“Stop. Trains Can’t” railroad safety campaig
Information provided by the Colorado Department of Transportation; courtesy photo
A train traveling at 55 miles per hour takes a mile to stop – the length of 18 football fields or more – after applying the emergency brakes. Between 2013 and 2017, 14 people were killed and 36 were injured in vehicle-train crashes in Colorado. Driver distraction and ignoring posted signs or signals are common factors in such crashes, and 67% of railroad crossing collisions occur in clear weather conditions.
The Colorado Department of Transportation (CDOT), the National Highway Traffic Safety Administration and other partners are launching a new railroad crossing safety campaign, “Stop. Trains Can’t” to remind drivers and pedestrians to use caution when crossing railroad tracks.
“It’s incredibly important for drivers to obey railroad crossing signs, pay attention and always be aware of their surroundings,” said Johnny Olson, deputy executive director of CDOT. “Drivers should never take the chance and try to beat a train across the track.”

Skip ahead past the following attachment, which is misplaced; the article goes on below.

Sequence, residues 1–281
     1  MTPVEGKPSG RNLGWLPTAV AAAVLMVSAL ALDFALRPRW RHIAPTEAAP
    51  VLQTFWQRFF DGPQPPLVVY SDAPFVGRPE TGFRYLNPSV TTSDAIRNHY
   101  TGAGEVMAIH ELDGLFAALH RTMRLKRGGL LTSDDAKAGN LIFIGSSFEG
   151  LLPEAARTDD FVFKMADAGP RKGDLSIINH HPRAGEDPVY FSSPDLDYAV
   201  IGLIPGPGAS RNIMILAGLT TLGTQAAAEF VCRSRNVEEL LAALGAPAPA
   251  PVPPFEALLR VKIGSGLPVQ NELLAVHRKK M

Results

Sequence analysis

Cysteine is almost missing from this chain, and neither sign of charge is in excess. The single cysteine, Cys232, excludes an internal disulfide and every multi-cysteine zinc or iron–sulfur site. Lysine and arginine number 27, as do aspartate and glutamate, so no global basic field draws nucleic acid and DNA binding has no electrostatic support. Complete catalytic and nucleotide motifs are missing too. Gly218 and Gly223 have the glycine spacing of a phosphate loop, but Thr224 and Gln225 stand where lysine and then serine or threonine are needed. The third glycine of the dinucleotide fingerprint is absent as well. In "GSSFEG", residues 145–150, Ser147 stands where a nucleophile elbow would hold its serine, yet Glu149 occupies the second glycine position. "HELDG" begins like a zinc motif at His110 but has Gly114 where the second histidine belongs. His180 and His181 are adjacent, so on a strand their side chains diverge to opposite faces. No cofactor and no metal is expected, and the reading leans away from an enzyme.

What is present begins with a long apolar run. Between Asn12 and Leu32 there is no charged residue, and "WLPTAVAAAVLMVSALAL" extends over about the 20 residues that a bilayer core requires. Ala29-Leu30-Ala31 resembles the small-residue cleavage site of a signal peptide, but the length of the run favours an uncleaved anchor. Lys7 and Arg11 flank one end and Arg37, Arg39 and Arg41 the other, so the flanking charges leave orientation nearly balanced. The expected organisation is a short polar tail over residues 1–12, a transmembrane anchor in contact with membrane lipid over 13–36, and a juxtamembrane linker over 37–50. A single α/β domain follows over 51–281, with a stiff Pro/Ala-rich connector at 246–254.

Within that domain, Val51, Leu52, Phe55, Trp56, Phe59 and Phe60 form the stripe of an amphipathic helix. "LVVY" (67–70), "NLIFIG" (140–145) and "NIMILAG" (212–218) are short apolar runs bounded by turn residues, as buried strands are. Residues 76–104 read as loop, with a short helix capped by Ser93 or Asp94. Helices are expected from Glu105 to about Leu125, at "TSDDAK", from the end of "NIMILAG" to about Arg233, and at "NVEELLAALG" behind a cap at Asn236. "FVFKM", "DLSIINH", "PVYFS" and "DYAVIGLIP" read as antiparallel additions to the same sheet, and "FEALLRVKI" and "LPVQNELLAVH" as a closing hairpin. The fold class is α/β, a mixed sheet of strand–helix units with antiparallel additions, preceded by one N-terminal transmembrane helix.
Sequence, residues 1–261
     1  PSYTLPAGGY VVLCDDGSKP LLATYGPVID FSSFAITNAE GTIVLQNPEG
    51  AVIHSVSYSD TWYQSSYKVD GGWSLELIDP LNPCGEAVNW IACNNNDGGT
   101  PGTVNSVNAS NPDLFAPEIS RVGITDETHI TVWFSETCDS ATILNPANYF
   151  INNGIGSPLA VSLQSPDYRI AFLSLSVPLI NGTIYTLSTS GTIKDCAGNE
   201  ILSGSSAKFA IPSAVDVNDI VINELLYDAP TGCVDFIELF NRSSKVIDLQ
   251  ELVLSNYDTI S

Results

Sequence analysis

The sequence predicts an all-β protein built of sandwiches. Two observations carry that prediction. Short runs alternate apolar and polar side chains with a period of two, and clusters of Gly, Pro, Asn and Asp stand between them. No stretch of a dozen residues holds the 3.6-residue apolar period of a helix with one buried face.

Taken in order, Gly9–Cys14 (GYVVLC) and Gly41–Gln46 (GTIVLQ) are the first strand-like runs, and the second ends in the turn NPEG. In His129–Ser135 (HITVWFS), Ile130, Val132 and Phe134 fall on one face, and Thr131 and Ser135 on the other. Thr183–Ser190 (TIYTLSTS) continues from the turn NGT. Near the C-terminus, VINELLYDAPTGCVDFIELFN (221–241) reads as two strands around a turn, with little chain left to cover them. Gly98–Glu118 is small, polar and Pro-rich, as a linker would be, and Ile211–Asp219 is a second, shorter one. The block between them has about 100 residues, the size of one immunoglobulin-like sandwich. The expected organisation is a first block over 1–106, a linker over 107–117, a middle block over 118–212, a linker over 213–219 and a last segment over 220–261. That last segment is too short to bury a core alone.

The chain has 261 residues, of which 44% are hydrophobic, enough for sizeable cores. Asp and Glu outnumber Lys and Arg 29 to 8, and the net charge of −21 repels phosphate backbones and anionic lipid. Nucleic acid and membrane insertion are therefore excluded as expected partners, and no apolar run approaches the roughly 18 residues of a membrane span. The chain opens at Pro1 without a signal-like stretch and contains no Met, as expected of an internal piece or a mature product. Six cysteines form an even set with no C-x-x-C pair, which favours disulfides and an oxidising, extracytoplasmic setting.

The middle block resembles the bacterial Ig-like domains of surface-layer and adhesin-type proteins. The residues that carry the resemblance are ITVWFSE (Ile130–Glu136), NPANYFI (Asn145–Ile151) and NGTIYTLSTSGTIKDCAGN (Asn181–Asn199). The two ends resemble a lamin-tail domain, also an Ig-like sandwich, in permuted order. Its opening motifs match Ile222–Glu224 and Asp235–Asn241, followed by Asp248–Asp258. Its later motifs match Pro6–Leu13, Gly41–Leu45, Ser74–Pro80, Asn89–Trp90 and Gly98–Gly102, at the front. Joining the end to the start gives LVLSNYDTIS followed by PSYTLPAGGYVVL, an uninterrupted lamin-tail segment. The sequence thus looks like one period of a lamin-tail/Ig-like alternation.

The “Stop. Trains Can’t” campaign reminds drivers, bicyclists and pedestrians to look for the train and observe crossing devices. Because trains cannot stop quickly enough to avoid a crash, everyone must yield to trains and proceed with caution. Rail crossing crashes are preventable and never worth the unnecessary risk.
Drivers are urged to follow these tips to stay safe when crossing railroad tracks:
When approaching a railroad crossing, slow down, look and listen for a train on the tracks, especially at “passive” crossings without gates and lights.
Look carefully in both directions before crossing a railroad track – even during the day.
Do not rely on past experiences to guess when a train is coming. Trains can come from either direction at any time.
Never race a train. It is easy to misjudge a train’s speed and distance from the crossing.
Before entering a railroad crossing, check that there is enough room on the other side of the tracks for your vehicle to cross completely and safely. Be aware that you may need to cross multiple sets of tracks at some railroad crossings.
Never stop on the railroad tracks. Keep moving once you have entered the crossing. To avoid stalling, never shift gears on the tracks.
If your vehicle stalls on a railroad track, quickly move away from the track and your vehicle at a 45-degree angle. Call the number on the Emergency Notification System sign, or, if the sign is not visible to you, dial 911 for help.
For More Information on the “Stop. Trains Can’t” railroad safety campaign, visit